I often liken our bodies to the Garden of Eden. In the center of the Garden of Eden, like the center of our bodies, there was forbidden fruit, from the tree of knowledge of good and evil, that Adam and Eve were not allowed to eat. Eating of this tree was beneficial in the sense that it bestowed knowledge upon the partakers, yet forbidden because God said so. In the timeless land of Eden, according to Mormonism, nothing noteworthy would ever happen as long as Adam and Eve obeyed this commandment--they could not have children, for they did not know how (for some unspecified reason, their immortal junk didn't work); and they could do no good or evil, for they had no knowledge of either. And so, inevitably, a day came when Satan convinced Eve to partake of the fruit, and God's response was to cast them out and cut them off from his presence. Why? Because they did not obey. And yet this had been his design from the beginning. So far as we know, partaking of the fruit was a sin for only one reason: because God said so. And so it is with masturbation.
Because He said so.
I can't tell you how frustrating this has been for me. "Because I said so"? Why is this reasoning sufficient for everyone else? Am I the only Mormon on the planet who can't stand the fact that God is keeping the reason for such an important commandment secret? By the way, is this commandment even important, or am I "making a mountain out of a molehill"? I know that church leaders take it seriously. I have a Church-published pamphlet here called "Repentance Brings Forgiveness", which lists the unforgivable sins (murder and denial of the Holy Ghost) and says "Next to the unforgivable sins come sexual sins. Some such sins may be committed with oneself and some with another person".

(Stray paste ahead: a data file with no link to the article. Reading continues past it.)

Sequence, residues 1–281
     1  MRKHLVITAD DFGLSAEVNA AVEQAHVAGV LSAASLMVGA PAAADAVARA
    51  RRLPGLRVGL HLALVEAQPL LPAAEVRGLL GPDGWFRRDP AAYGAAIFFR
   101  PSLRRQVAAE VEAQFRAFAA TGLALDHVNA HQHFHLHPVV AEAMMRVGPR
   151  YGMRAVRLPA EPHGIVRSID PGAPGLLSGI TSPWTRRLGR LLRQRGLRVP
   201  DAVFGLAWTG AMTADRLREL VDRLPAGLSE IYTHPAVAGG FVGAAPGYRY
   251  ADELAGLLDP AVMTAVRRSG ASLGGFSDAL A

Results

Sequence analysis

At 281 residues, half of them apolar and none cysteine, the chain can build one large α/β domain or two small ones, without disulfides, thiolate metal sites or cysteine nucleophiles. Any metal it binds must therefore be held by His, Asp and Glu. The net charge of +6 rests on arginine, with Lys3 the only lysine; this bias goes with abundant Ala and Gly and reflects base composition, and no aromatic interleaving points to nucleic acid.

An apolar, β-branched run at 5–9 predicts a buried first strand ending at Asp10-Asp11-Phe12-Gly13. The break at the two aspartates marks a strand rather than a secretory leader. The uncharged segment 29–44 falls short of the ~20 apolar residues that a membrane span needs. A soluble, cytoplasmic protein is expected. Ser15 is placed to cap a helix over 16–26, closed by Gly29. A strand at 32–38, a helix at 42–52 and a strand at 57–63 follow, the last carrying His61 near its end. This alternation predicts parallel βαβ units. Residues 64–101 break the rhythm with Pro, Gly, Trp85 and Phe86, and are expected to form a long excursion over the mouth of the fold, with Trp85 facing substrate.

So there you have it. Masturbation is "next to [...] unforgivable". Sounds pretty serious all right. No wonder the Holy Ghost doesn't want to hang around with me.
Why doesn't such an important commandment warrant an explanation from the Lord beyond simply "God intended for this organ to be used during marriage, ergo any other use is a sin?" Why is it wrong of me to demand from the Lord to know why masturbation could be considered worse than lying, stealing, vandalism or violence? Why is it a big secret?
Well, my best friend has arrived home. It's time to set this putrid matter aside and enjoy some light entertainment and a meal. But will this matter keep me awake at night? Will I become depressed with worry for my soul, again, and suffer reduced performance at work as a result, or will I be lucky enough to forget the whole thing until the next Sunday comes along? I am hoping for the latter, but admittedly, not praying.